(Closed) To receive or not to receive THAT IS THE QUESTION (the line that is)

posted 7 years ago in Etiquette
  • poll: Are you having a receiving line after the wedding ceremony?
    Yes- wouldn't dare skip it : (0 votes)
    No- not for us, but more power to those who do : (25 votes)
    76 %
    Not Sure : (5 votes)
    15 %
    Yes- but wouldn't matter either way : (3 votes)
    9 %
  • Post # 3
    2512 posts
    Sugar bee
    • Wedding: August 2011

    Well I have never actually been to a wedding that had a receiving line. So I don’t know anything about it. Does this mean that the bride and groom don’t have a special entrance to the hall?

    Anyways, it seems like a nice idea when you have a few guests, but if you have a lot I could imagine it would take too much time. Either way, I doubt we will be doing it.

    Post # 4
    6394 posts
    Bee Keeper
    • Wedding: September 2011

    I’ve seen it done well and poorly. We’re personally not doing it. Just be sure to individually greet all your guests and you’re covered :).

    Post # 5
    9029 posts
    Buzzing Beekeeper
    • Wedding: June 2011

    I have been to MANY weddings and only one of them had a receiving line. It really depends on your social circle, but most people dont expect it and arent offended if you dont have a receiving line. I plan to rush off to the park for our pictures and meet all the guests at the reception. we plan to go from table to table to speak to everyone.

    Post # 6
    5655 posts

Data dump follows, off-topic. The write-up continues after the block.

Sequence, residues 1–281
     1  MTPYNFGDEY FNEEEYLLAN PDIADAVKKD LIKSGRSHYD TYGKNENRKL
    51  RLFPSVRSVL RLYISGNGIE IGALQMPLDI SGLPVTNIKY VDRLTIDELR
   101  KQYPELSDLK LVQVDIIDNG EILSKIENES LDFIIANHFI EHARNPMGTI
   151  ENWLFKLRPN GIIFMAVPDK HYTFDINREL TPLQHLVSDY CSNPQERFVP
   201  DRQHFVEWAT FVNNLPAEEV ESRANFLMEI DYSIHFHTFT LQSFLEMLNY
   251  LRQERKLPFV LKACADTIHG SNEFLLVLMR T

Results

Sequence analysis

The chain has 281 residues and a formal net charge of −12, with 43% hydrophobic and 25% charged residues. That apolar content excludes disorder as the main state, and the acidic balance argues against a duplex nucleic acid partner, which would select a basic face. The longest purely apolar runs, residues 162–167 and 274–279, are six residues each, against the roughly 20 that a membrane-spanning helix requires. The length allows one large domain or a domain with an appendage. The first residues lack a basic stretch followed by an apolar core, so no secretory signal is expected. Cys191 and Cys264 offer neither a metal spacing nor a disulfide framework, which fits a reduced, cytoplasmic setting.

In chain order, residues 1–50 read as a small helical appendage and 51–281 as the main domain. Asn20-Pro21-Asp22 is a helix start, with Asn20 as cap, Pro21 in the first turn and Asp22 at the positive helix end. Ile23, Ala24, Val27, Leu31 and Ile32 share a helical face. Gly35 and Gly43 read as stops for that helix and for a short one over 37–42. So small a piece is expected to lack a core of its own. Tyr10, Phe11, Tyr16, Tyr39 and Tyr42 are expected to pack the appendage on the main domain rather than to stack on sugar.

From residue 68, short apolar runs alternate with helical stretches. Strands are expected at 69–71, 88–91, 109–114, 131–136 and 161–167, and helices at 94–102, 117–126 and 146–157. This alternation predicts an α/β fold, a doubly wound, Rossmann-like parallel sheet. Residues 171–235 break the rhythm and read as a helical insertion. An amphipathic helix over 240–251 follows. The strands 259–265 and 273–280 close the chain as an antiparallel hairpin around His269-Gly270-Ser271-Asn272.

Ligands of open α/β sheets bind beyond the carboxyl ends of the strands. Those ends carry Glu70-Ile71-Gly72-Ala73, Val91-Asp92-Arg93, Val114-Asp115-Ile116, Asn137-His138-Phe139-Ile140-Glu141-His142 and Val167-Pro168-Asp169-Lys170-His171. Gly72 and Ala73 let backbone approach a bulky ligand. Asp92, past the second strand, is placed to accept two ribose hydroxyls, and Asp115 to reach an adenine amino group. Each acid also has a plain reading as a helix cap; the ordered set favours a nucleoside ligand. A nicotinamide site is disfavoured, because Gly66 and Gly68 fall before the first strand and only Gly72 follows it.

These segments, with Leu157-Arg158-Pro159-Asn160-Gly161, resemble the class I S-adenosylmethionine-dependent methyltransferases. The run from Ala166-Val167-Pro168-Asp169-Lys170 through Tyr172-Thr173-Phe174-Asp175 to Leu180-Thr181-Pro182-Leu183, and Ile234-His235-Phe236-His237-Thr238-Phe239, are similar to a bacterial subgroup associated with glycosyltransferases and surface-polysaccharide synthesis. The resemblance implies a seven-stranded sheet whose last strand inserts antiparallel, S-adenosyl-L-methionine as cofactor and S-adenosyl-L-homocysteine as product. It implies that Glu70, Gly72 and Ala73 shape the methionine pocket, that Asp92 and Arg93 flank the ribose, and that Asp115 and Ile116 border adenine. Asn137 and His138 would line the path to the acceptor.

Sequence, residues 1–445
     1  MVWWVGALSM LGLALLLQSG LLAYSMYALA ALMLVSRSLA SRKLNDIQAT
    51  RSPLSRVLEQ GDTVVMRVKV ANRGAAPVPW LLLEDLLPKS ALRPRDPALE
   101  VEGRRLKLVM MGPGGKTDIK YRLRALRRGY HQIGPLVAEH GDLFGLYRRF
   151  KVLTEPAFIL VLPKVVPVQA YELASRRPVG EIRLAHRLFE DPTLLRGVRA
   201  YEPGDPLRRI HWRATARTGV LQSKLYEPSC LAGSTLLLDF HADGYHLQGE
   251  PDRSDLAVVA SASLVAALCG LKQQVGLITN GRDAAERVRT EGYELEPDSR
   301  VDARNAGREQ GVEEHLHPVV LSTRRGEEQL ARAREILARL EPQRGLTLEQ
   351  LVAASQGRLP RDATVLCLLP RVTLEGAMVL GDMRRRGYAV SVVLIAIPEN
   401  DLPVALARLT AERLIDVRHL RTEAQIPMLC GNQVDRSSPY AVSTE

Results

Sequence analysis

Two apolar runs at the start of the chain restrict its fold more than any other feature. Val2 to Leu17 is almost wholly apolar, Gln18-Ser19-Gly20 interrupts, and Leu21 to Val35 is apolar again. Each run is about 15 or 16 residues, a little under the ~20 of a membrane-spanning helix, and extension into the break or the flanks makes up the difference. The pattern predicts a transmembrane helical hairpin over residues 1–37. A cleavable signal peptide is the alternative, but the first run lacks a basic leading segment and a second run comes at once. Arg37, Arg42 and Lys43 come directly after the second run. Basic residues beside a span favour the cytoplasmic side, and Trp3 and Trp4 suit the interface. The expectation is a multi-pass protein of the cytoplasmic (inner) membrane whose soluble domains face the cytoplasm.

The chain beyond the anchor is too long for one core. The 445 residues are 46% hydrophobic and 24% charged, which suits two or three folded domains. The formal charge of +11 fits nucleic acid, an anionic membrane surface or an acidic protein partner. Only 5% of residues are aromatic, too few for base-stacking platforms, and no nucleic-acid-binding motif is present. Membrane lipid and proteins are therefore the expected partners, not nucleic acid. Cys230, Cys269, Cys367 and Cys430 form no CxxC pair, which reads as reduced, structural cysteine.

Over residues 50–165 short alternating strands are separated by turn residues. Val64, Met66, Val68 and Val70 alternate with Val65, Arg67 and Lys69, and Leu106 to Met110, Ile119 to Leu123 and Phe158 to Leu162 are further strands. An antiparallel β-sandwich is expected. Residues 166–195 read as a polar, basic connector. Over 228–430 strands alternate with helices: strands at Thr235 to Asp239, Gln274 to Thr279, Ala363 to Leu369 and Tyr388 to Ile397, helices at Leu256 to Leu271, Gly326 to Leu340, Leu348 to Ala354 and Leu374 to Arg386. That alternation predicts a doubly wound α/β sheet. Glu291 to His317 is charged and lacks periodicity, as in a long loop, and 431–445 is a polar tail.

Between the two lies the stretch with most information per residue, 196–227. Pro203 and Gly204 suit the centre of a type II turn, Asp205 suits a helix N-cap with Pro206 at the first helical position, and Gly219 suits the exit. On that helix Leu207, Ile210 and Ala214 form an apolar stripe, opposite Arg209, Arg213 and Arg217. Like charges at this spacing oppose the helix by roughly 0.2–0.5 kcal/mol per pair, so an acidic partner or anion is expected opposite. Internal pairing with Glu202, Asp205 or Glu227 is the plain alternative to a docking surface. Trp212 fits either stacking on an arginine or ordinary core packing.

Bee Keeper
    • Wedding: April 2011

    We’re having a receiving line b/c chatty guests or not it will save us time & energy.

    FH and I aren’t having an “all night long” reception & don’t want to spend the whole time doing the meet/greet. We’d rather take the 15 minutes at the line than the hour+ of ducking out of convos at the the reception 😉

    Post # 7
    3182 posts
    Sugar bee
    • Wedding: May 2012

    My cousin’s wedding did a reception kind of line at the end of the evening, no grand exit but they were there by the door to thank everyone for coming. Of course they also did the table to table thing during dinner which was horrible because it took forever so people felt compelled to stay at the table long after dinner was over. 

    Post # 8
    10288 posts
    Sugar Beekeeper
    • Wedding: October 2011

    We’re skipping it too. Our guests would rather get to the cocktail hour than stand in line waiting to congratulate us anyway. We’re only having 85 guests and since we’re doing a first look and we’ll be present for most of our cocktail hour, I’m sure we’ll have plenty of time to visit with everyone at some point during the cocktail hour/reception.  

    Post # 10
    1664 posts
    Bumble bee
    • Wedding: May 2011

    Your post is interesting to me b/c I have the opposite take.  Our wedding is going to be 150-170 people (mostly FH’s family).  Some of these people are long winded, and my FH isn’t good at breaking off conversations.  I’m thinking of doing a receiving line because of this.  We’re going to try to talk to everyone at the reception too, but getting it out of the way so we don’t end up spending 10 minutes at every table makes sense to me.  I feel like people feel more pressure to move on if there is a line.

    Post # 11
    5655 posts
    Bee Keeper
    • Wedding: April 2011